Does your organization foster a cozy-throw-blanket culture?

A few weeks ago one of my teammates came over to our property with her family to meet our rescue horses (that’s a tale for another day). When she entered our house, she said something to the effect of “your house looks so welcoming and comfortable.” For most of my adult life, wherever I happened to hang my hat, guests have told me that my house feels like “home.” I take these comments as a compliment. 

I have never been that person who strives to have an everything-in-its-place immaculate house (clean, yes; immaculate, no) with match-y, match-y formal rooms that look as if no one can actually sit down for fear of mussing something up. I like cozy throw blankets and a sofa that wraps you in its arms. I like colorful pieces of art and communal seating arrangements. This welcoming, creating a space where people who visit feel they belong, is a “culture” intentionally designed, a culture that reflects who I am – authentic (sometimes to a fault), approachable, extraverted, energetic. 

When I joined the team at Ent Credit Union, one of my first priorities was figuring out who Ent was, and how team members described our culture. This work resulted in our defining not just what has made us special since our founding but also what we aspire to be as we grow. Our “culture attributes” are defined by “we” statements – concise, values-based statements that serve to outline what each attribute means, with behavior expectations built in as well. 

These attributes and we-statements have now become the cornerstone for key employee engagement efforts including an employee awards program, Culture In Practice (CIP). Team members nominate teammates who go above and beyond when it comes to demonstrating what it means to be Ent. Over the year, a selection committee made up of Ent team members, with no senior leaders involved, select and award over 30 CIPs of $1000 each. From this pool of stories, four overall winners are selected and celebrated at our annual Entys (Ent’s version of an awards show – so much more fun than the Emmys!). 

Creating and cultivating this intentional culture does not come without the participation of every human at every level who calls Ent their work home. And this is the case for your organization too. So, how do you set about doing so?

First, seek to understand components of your current culture that make it special – uncovering your organization’s heart. You must also uncover, and take a hard look at, bad habits or values that have become, perhaps inadvertently, a negative part of the culture. This look in the mirror is one of the toughest tasks, but also critical if you are to change your culture in a positive way.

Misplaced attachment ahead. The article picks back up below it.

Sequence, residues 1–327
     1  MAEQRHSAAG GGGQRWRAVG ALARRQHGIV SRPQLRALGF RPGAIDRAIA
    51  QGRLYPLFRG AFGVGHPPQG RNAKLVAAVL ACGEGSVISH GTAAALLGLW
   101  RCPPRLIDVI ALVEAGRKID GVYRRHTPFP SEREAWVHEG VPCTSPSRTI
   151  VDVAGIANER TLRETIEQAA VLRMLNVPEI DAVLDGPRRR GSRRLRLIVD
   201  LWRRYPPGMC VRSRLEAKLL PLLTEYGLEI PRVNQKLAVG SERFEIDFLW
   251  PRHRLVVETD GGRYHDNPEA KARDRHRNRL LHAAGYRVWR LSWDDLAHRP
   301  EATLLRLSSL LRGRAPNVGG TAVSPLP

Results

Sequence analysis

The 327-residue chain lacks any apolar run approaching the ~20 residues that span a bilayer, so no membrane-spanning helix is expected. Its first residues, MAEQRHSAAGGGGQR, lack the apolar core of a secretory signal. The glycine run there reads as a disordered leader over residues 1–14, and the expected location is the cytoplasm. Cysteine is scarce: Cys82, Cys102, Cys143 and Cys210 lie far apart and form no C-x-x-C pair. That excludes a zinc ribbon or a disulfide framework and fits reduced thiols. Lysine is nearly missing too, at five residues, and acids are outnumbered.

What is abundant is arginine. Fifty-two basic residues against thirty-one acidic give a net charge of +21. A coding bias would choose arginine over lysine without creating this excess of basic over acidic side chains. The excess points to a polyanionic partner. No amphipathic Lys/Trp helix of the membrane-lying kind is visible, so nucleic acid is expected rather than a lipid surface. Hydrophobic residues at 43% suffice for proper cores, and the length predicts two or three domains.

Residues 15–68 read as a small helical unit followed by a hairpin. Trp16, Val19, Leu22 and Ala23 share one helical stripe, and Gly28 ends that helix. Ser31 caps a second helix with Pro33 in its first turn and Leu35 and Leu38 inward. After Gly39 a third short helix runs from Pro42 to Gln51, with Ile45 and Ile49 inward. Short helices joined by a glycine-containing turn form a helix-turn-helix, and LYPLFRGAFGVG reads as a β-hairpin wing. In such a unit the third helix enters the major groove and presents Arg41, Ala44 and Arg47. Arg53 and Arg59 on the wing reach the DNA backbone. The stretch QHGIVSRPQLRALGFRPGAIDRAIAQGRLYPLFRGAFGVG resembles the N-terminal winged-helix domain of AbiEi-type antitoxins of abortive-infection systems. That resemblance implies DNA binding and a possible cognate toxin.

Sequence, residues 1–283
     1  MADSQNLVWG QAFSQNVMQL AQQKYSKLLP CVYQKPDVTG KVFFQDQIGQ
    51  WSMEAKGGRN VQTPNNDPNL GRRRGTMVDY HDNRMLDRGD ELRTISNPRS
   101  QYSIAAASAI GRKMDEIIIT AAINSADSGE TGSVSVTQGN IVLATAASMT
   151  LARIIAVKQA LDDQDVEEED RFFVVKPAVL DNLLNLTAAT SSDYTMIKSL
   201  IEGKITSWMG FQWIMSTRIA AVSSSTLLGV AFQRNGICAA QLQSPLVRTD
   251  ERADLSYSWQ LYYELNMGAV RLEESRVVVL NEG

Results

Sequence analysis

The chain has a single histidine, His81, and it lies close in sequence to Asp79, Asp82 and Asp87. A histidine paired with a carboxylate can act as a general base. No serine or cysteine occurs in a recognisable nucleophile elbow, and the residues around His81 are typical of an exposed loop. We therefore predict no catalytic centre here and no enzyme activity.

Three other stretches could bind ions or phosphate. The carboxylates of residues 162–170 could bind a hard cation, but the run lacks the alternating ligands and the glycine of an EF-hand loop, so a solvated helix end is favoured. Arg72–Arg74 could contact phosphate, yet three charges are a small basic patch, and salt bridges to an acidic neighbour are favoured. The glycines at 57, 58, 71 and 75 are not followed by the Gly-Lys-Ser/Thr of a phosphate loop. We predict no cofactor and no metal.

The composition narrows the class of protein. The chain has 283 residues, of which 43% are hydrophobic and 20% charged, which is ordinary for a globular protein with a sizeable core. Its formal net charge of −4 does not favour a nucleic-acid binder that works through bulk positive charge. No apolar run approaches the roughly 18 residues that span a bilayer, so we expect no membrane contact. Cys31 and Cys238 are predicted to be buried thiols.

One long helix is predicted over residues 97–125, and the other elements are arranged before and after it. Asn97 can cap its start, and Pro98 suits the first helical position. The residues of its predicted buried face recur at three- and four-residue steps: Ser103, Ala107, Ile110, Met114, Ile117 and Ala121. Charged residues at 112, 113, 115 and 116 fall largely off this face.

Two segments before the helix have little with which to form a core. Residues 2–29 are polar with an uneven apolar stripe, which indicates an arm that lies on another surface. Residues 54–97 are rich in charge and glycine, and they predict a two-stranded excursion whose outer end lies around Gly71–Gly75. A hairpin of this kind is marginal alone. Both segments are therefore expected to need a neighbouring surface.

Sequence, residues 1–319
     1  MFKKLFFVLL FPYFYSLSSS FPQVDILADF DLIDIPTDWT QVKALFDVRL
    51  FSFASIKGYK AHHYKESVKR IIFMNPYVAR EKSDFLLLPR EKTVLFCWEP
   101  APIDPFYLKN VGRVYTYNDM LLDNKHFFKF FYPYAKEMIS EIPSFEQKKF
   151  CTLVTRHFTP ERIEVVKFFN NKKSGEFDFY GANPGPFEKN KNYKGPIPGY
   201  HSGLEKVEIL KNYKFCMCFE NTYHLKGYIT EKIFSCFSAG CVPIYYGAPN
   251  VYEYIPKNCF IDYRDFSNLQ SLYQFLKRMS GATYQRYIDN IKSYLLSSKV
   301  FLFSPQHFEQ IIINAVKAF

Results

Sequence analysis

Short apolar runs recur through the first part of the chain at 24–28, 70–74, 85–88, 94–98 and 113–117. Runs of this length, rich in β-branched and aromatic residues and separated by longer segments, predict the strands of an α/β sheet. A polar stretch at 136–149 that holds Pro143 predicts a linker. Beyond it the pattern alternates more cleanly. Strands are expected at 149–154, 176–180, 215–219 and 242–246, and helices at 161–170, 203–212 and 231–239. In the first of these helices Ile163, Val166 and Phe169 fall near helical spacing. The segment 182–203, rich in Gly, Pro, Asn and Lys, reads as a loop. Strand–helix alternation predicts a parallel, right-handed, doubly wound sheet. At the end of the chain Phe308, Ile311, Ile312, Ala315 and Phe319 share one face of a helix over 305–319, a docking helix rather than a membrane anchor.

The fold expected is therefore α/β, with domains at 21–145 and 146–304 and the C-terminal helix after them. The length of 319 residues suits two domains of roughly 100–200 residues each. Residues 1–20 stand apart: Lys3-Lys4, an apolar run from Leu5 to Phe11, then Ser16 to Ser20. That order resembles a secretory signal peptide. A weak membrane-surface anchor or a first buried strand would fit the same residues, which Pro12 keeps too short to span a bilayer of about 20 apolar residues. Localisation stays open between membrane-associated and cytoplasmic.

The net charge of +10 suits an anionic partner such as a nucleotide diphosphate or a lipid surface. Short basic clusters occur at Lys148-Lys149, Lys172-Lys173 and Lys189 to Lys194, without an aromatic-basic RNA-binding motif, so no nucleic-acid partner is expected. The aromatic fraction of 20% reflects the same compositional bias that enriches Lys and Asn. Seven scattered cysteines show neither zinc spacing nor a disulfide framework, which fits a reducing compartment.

Once you understand your current state of cultural affairs, you can set about defining your aspirational culture with desired behaviors and shared values. Creating unique cultural attributes that all team members from senior leaders to front line contributors resonate with, will help with stickiness.

Now the hard part really kicks in! There is nothing easy about changing an existing culture to an intentional, values-based, engagement-driving culture. It takes patience, understanding, designing, planning, motivating, and constant and consistent reiteration. It takes commitment from leaders who model what’s expected, tying culture-appropriate behaviors into performance management goal setting and conversations, and incentivizing demonstrated behaviors.  

Like throwing yourself into a comfy chair and feeling a sense of home and belonging, culture touches people in a real and, yet, intangible way. Successful efforts to evolve your culture aren’t done by checking a box – launching a communication or hanging up posters or talking about it once a year at an all-team event. Long term benefits of deep employee engagement and loyalty will be realized only with sustained effort and when you align inspiration with strategy and action. After all, teammates who feel that they belong and who work with a sense of purpose and meaning are four times as likely to love what they do.* That’s the kind of engagement money and title simply cannot buy. 

*2019 International Employee Survey Report / “The Future of Work is Human” / Findings from WORKHUMAN® Analytics & Research Institute Survey

Mollie Bell

Mollie Bell

Mollie Bell joined Ent Credit Union in December 2018 as Chief Development Officer. Mollie has worked on behalf of credit unions since 2007, having worked for CUNA Mutual Group, Filene ... Web: Details